The Good Shepherd. 10:22-30
In our passage for study Jesus reveals that he is one, along with the Father, who gathers, protects and eternally blesses God's people. We are confronted with the divine character of Christ and encouraged to respond in faith.
v22-23. The feast of Dedication was in full swing with the people celebrating the victory of true religion over the corruption of Antiochus Epiphanes. Antiochus had suppressed the worship of Jehovah and replaced it with the worship of Zeus. The victory of Judas Maccabaeus in 164BC, restored the worship of the true God in a cleansed and refurbished temple. So, the people celebrated, yet as Jesus walked in the temple courts, the chilling wind that whistled around him well illustrated the cold hearts of faithless Israel.
v24. The question asked by the religious authorities, concerns what they see as a tease. Jesus has never openly said that he is the messiah. He is light of the world and the shepherd of the sheep, but is he the messiah? They want a clear claim which they can use in evidence against him.
v25. Of course, in typical fashion, given that the question is probably hostile, Jesus answers indirectly. For those who have eyes to see, those who are seekers, both Jesus' teachings and his works clearly declare who he is. As for his opponents who both hear and see, they have long decided not to believe.
v26-27. The reason Jesus' opponents do not listen, understand, believe and follow, is because they are not members of his flock. Jesus is using his imagery of the shepherd and the sheep which is found in v1-18. Those who are his sheep hear his voice and follow him. On hearing Jesus' words we may well ask how does a person become one of the flock. Jesus doesn't actually explain the process here, but it is simple enough - ask, seek and knock, for those who ask receive, those who seek find, and those who knock it is opened up to them. Let us always remember that we are saved by grace through faith.
v28-29. Summarizing his teaching on the shepherd and the sheep, Jesus again makes the point that those who are his sheep are eternally blessed in the gift of eternal life, a spiritual life that is full, abundant and everlasting. Christ's sheep possess the gift of eternal security; no enemy will ever overpower Jesus' flock. The flock cannot be overpowered because God the Father is far greater than any enemy. In Christ we are secure.
v30. This security is guaranteed because both the Father and the Son are at one when it comes to the gathering, protecting and blessing of the flock.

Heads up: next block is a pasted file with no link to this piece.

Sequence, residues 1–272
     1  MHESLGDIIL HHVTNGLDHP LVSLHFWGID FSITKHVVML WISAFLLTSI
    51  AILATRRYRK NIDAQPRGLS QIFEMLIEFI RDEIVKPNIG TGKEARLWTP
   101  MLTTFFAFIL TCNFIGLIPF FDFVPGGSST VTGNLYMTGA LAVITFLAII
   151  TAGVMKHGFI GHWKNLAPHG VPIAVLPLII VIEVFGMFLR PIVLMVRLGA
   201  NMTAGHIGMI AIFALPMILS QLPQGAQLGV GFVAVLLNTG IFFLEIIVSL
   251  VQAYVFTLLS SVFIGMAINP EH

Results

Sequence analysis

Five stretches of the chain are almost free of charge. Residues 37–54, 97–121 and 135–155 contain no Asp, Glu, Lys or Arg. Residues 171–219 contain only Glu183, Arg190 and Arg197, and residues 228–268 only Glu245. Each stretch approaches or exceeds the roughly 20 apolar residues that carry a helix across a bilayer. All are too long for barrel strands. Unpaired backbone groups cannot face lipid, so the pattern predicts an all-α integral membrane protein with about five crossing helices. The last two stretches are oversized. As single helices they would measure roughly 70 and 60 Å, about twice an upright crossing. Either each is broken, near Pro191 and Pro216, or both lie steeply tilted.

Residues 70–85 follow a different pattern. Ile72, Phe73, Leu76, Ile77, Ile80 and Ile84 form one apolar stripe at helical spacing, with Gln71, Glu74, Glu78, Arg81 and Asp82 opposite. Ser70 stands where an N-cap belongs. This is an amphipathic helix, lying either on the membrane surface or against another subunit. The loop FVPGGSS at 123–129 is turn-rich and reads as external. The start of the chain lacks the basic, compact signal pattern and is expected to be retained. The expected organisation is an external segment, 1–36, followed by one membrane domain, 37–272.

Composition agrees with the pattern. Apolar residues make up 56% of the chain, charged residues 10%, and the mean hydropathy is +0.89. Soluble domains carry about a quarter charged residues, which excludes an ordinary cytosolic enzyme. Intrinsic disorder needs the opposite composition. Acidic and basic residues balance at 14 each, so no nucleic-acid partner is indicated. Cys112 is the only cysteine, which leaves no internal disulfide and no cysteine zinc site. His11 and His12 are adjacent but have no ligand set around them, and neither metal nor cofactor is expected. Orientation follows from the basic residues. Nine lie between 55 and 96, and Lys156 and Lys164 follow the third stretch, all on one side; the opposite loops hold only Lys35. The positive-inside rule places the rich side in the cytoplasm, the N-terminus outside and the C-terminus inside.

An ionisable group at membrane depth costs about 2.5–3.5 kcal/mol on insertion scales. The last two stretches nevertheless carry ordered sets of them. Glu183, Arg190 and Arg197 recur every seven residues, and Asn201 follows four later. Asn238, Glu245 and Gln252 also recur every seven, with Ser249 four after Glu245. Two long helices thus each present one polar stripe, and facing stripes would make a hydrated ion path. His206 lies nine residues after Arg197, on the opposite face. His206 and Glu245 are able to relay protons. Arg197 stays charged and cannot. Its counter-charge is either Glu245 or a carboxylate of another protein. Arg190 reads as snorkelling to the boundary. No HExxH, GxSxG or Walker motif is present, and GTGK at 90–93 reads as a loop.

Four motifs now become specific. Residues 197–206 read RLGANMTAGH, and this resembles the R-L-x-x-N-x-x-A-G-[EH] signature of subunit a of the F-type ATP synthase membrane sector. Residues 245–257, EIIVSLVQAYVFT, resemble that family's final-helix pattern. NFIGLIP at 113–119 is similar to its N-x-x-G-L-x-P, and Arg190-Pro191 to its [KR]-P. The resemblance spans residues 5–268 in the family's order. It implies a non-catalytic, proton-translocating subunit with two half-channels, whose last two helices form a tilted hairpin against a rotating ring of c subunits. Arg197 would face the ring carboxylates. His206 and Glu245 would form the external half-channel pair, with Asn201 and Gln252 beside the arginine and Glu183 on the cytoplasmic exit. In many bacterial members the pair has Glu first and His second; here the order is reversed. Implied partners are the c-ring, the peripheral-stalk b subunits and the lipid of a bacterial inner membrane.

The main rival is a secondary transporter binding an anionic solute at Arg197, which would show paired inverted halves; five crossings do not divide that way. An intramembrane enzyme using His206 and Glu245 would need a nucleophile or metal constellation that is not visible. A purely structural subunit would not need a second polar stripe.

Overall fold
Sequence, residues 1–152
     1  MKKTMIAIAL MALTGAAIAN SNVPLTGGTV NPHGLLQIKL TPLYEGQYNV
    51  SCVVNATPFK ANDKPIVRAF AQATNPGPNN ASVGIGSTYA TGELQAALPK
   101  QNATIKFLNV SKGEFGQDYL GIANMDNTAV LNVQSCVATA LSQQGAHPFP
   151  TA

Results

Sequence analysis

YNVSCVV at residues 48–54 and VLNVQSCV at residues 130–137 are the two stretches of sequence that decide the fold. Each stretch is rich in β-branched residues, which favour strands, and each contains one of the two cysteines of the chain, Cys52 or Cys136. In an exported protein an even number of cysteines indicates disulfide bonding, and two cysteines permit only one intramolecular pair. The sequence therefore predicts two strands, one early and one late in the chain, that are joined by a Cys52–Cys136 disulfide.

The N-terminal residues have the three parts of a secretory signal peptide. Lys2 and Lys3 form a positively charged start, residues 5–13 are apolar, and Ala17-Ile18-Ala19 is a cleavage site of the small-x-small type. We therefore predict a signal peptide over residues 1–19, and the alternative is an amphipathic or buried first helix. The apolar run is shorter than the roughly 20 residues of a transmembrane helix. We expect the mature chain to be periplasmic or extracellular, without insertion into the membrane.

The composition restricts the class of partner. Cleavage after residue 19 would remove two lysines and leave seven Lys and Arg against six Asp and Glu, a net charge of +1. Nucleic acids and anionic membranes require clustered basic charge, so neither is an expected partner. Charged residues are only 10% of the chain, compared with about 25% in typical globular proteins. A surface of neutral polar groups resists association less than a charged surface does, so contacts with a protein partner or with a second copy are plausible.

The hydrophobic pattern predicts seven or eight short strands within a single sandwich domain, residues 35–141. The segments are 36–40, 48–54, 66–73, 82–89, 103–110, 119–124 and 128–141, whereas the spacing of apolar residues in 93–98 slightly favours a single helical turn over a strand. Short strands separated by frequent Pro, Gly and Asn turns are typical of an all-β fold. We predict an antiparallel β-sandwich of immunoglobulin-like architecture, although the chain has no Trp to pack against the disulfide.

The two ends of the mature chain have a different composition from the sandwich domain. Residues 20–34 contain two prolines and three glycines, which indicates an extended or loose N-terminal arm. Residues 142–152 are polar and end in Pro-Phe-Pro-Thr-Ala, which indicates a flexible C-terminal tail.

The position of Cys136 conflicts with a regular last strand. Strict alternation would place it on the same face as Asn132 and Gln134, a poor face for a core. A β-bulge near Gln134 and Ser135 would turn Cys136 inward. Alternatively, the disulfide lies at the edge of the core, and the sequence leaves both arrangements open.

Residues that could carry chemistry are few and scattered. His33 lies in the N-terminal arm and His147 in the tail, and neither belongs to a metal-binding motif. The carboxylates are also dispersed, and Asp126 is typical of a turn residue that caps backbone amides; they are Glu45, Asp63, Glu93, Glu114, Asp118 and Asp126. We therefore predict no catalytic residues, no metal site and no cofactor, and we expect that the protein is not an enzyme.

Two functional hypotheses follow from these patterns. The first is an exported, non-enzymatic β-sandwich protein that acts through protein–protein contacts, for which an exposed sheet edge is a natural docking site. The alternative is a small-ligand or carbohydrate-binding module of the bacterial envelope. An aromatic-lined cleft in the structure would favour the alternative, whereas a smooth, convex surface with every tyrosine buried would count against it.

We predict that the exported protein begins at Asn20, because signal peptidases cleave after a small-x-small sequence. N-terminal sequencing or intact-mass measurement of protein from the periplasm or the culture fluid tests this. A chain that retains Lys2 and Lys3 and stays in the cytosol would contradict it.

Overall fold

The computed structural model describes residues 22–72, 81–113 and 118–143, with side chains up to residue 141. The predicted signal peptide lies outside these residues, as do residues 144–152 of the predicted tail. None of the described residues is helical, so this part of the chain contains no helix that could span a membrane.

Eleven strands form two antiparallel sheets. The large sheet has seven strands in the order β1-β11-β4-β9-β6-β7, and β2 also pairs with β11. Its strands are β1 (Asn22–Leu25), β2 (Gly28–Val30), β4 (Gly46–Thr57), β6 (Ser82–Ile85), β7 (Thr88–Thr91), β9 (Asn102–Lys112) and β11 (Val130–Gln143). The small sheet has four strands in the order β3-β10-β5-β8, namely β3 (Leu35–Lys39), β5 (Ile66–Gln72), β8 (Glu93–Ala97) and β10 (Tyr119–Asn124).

If you scratch a believer, you will often expose a lack of assurance. We constantly doubt our eternal security. Our Christian lives are weak and compromised, rebellious even, so we easily doubt the security of our place in eternity?
This passage reminds us of just how secure we are. The gathering of the flock, the protection of that flock and its eternal blessing, is in the hands of the divine Godhead. Both the Father and Son are one in action when it comes to the security of Christ's new community.
We should be able to rest secure in the wonderful claim made by Jesus, a claim that is in full accord with the Father, that "I give them eternal life and they will never perish. No one will snatch them out of my hand." Yet, behind this promise lies our fear that we could possibly be put out of the flock for misbehavior. Immediately, those from a Reformed background will reply "once saved always saved." Still, the Reformed believer has their own demons to contend with. There is always the possibility that they were never a member of the flock in the first place, just a goat tagging along. Given that no one can claim that they follow Jesus perfectly, what degree of imperfection evidences our nonmembership of the flock?
Such demons fill us with fear, yet there is nothing to fear. As the chilling wind of disbelief confronted Jesus in Solomon's Portico, he was able to state that his opponents did not belong to his sheep. If they did, they wouldn't be trying to get him to incriminate himself in their murderous plans. The flock trusts the shepherd and follows the shepherd, that's the full of it and that's the end of it.
So then, what about perfection? Does our imperfection drive us from the flock? Certainly not; we rely on Christ's perfection, not our own. And what about our admission to the flock? Is selection limited, determined? Certainly not; ask, seek and knock, for those who ask receive, those who seek find, and those who knock the gate to the sheep-fold swings wide open.
On what truth does Christian assurance rest?
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